A CardioVascular Thoracic Institute (CVTI) team led by Vaughn A. Starnes, Ray Matthews and Mark J. Cunningham has implanted a mitral valve replacement using a minimally invasive catheter procedure. The first transcatheter mitral valve replacement ever to be performed with this device in California took place at the Keck School of Medicine of USC.
The advantage of a transcatheter procedure is that it requires just a small incision in the side of the chest instead of opening up the entire chest at the sternum. It also avoids putting the patient on a heart-lung machine, which can be physically stressful, particularly on older patients.
While catheter techniques have been used for the replacement of aortic and pulmonary valves for several years, mitral valves have proved to be more difficult, and transcatheter replacements have only been attempted for the past year or so.
“We’re privileged to be a part of the cutting-edge group that’s doing the mitral work,” said Cunningham, an associate professor of clinical surgery.
The challenge is that the opening of the mitral valve is D-shaped rather than round, making it crucial that the replacement valve is an exact fit. Another potential issue is that any structure put into the mitral space can block the flow of blood from other valves.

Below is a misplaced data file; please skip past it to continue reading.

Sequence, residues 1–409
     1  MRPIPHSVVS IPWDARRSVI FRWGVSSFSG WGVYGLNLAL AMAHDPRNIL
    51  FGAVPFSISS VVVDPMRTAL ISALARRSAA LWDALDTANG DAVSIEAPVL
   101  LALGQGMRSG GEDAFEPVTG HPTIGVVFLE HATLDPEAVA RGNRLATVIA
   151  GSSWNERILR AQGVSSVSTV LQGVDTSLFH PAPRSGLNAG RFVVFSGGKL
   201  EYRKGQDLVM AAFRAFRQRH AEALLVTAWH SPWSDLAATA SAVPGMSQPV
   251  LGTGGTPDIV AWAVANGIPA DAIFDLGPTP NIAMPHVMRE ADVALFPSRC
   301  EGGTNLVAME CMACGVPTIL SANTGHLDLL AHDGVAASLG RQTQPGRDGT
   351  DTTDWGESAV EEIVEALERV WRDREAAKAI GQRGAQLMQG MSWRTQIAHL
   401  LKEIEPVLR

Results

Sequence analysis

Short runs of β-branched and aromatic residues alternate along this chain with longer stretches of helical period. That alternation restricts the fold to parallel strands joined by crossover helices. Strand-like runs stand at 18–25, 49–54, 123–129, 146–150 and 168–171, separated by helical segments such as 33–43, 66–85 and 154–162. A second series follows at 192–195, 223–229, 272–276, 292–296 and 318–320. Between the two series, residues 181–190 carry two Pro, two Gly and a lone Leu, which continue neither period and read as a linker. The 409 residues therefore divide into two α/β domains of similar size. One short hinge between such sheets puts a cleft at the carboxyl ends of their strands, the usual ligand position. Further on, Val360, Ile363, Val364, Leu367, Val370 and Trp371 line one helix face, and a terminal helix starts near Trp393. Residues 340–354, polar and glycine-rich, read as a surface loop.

The team solved the problem with exacting preparation, including the taking of comprehensive CT scans before the procedure, said Matthews, a professor of clinical medicine and chief of the Division of Cardiovascular Medicine. They then used the images to virtually drop the valve into place and make sure that it would be a precise fit. The candidate herself was also an important factor.
We say that people need two things to be a good candidate for a procedure like this: Love and drive.
“We say that people need two things to be a good candidate for a procedure like this: Love and drive,” Matthews said. “They need to have a support system and they need to want to do this.”
Patient ponders the mitral procedure
The patient, Billie Williams-Shaw, has both, including a close family of five children, 11 grandchildren and six great-grandchildren. And she knew she needed a change.